'Ghost Music' is a work for solo percussion, lasting about an hour, performed by Bill Solomon. Though not listed on the release or elsewhere that I could find, for the first half of the work, Solomon is playing an instrument that gives forth high, metallic sounds--I take it a celesta or glockenspiel, something in that family. It's largely struck (with what sounds like thin rods or sticks) but there's also sustained tones that sometimes sound bowed.
That first 30-odd minutes is comprised of sets of struck tones, often in small groups, with patterns like 3-3-5-5 or 2-2-6-5, later in short melodic sequences. I've no idea whether it's score or intuitive. The tonality at the start reminds me very much of that used by Karl Berger (on vibes) on Don Cherry's 'Eternal Rhythm', which I believe was based on Balinese or Javanese intervals. Whatever, it's dreamlike, unearthly and gorgeous, the tones themselves silvery and ephemeral, their lingering hums...well, ghostly. There's something of a Feldmanesque irregularity in play, patterns that seem to form only to dissolve before apprehension. I also get a time-stretch effect; I think I've been listening an hour and it's only 20 minutes. This is a good thing.
About halfway through the work the sound-world shifts rather abruptly, announced by a steady rhythm of slightly deeper-pitched metals augmented by the odd single strike. Whereas earlier, the arrangement of patterns occupied a reasonably defined area, Sargent (or Solomon? not sure how much, if any, leeway is provided) now presents multiple episodes of varied approaches and attacks, often using metals of a less precisely defined pitch, perhaps bells of different types. There's more open space, more tone range, many different attacks in general, though everything remains embedded in that large space of the contemplative and observant. It'd every bit as fascinating as the first half even if (or because) the listener's footing is less assured. 'Ghost Music' closes with a return to the original instrument, now heard in a steady rhythm with accent strikes here and there and ultimately a quicker, lighter beat atop.
A wonderful work and one of the more substantive pieces for solo percussion I've heard in ages.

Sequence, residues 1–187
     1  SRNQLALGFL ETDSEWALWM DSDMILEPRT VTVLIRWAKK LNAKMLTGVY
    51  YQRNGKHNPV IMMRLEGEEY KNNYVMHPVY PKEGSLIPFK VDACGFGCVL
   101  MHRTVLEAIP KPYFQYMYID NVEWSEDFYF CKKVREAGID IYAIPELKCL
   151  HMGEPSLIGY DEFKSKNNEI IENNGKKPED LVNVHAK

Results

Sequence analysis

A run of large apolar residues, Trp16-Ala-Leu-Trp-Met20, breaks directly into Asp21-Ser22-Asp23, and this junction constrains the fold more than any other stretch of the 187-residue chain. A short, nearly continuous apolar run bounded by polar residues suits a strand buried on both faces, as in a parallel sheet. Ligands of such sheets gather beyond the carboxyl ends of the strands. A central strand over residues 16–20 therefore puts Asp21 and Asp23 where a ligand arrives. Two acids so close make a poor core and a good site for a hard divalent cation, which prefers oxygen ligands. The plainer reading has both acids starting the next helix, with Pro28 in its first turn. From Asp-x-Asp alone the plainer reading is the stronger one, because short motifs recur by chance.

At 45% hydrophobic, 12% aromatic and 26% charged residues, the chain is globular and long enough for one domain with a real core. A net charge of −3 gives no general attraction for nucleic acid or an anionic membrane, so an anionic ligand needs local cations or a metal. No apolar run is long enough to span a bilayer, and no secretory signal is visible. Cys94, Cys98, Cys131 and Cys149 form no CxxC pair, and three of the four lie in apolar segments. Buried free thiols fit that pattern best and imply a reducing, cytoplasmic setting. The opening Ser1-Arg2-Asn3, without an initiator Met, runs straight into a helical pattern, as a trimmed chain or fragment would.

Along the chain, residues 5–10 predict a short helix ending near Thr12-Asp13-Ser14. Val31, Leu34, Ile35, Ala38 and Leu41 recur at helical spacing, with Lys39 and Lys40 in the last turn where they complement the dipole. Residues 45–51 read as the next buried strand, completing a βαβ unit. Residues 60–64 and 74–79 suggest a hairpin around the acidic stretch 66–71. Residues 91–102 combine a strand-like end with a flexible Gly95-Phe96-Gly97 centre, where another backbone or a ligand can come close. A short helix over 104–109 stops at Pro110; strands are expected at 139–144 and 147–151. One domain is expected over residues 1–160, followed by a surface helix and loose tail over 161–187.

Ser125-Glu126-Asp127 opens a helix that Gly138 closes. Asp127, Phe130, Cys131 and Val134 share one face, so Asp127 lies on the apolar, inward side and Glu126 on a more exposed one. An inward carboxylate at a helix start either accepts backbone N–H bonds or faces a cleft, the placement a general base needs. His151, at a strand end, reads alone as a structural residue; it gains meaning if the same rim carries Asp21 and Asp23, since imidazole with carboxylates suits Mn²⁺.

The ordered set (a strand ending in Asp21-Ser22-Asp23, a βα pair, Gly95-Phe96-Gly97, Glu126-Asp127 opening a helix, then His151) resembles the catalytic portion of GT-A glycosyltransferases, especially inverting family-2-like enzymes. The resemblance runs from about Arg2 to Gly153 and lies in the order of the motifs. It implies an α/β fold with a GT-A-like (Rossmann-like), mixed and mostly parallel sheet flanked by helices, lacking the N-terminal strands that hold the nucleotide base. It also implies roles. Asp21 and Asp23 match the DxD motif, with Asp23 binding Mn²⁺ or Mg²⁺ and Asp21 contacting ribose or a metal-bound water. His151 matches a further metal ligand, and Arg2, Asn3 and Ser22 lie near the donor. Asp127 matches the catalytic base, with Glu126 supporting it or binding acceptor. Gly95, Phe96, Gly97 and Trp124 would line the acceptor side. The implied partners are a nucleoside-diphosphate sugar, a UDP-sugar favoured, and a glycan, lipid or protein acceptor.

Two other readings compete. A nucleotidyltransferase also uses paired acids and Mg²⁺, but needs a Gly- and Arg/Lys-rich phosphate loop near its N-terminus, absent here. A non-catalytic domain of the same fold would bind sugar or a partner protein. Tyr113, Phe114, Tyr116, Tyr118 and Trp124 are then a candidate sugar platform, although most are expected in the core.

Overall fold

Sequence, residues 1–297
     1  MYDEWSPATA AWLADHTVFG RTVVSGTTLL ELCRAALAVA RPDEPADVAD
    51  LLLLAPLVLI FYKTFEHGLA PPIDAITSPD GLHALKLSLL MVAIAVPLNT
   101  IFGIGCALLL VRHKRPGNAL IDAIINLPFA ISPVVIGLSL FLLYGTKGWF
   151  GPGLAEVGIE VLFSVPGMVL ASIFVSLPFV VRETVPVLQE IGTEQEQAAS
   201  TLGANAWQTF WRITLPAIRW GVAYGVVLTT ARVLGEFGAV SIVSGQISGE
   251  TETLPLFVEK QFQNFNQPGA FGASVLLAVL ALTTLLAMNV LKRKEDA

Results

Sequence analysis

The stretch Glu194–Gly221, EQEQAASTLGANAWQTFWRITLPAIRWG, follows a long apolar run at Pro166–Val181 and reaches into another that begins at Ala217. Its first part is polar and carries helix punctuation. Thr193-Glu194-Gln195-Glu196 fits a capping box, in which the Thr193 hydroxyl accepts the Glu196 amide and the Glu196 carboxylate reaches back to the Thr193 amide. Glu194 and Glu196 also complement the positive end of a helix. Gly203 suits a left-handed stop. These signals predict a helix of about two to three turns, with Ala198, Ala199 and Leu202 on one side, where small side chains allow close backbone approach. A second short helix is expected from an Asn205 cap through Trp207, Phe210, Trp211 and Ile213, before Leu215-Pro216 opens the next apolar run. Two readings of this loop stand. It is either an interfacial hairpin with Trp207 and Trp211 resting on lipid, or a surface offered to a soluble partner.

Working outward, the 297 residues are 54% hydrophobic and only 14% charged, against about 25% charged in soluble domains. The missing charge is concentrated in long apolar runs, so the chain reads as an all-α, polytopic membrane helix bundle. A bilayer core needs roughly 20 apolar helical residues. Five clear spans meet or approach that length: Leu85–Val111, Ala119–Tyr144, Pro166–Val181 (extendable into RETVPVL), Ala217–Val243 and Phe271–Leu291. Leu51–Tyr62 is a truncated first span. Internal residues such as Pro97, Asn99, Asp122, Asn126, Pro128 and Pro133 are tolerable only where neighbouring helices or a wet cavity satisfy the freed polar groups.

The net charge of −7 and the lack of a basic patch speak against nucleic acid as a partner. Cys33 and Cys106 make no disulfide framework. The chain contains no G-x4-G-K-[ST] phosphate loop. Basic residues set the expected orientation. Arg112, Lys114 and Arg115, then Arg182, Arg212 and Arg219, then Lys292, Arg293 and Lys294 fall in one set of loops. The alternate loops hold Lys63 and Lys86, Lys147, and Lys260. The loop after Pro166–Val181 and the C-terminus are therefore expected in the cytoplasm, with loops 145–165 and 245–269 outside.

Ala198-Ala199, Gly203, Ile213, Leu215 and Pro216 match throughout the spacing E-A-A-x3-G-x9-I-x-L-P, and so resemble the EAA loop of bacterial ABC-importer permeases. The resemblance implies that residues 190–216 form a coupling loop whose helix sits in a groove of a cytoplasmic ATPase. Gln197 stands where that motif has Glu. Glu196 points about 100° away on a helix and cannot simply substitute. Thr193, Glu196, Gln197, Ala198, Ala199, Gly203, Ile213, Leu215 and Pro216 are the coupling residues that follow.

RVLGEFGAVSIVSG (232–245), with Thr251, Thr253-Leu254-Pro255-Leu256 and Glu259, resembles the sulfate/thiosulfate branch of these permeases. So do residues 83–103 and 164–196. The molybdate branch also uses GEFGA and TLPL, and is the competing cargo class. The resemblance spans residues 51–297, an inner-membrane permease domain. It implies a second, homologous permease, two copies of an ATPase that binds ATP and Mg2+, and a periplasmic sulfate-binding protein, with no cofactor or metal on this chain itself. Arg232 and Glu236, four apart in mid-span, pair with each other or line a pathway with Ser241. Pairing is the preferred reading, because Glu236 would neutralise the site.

Like the above, also a solo recording, this time on Baroque violin, an instrument which differs from a standard violin in certain ways far over my pay grade to comprehend (but see here to understand more), played by the French violinist Prune Bécheau. Admittedly, coming into this recording (as with many solo ventures on "classic" instruments), I was hoping for any innovation, should it occur, to be more structural than having to do with extended techniques. Well, there's a bit of both here.
There are eight pieces and each demonstrates a different instrumental attack. The first, "introduction", probably carries the greatest allusion to a "traditional" sound, as a kind of melody--very lovely--circles around some grainy overtones. I should mention that the disc's title translates into "tone streaks, guts and hair, so you have a good picture of what's coming. In 'tlelel etl', Bécheau circles, arco, around a high pitch, generating a mosquito-like whine which she rapidly elaborates on within fairly narrow parameters, forming an impressive web that retains a plaintive air. Sometimes, as in "geqze tulilu", she manages to elicit a breathy sound more saxophonic than violin; if heard "blindfolded" I might have guess Michel Doneda. As mentioned earlier, part of me would like to hear this kind of approach used in service of a larger form, a more overall idea, but it's quite impressive on its own. Four shorter pieces investigate overtone manipulation that reminds me of some forms of Central African singing, a jaunty venture on a (near) single tone, a harsher, rubbery melodic line put through the wringer and a finely worried low string summoning images of North Africa. Bécheau concludes with the most complex work, 'zzffk zzffk', a swirling piece with buzzes, clicks, a certain rubbed attack that almost sounds like a chicken cluck and much more. It's an intense work, one I'd love to see performed live. As is, there's an abundance of fine material and deep, concentrated thought on display here. It's my first time hearing her work and eagerly look forward to more.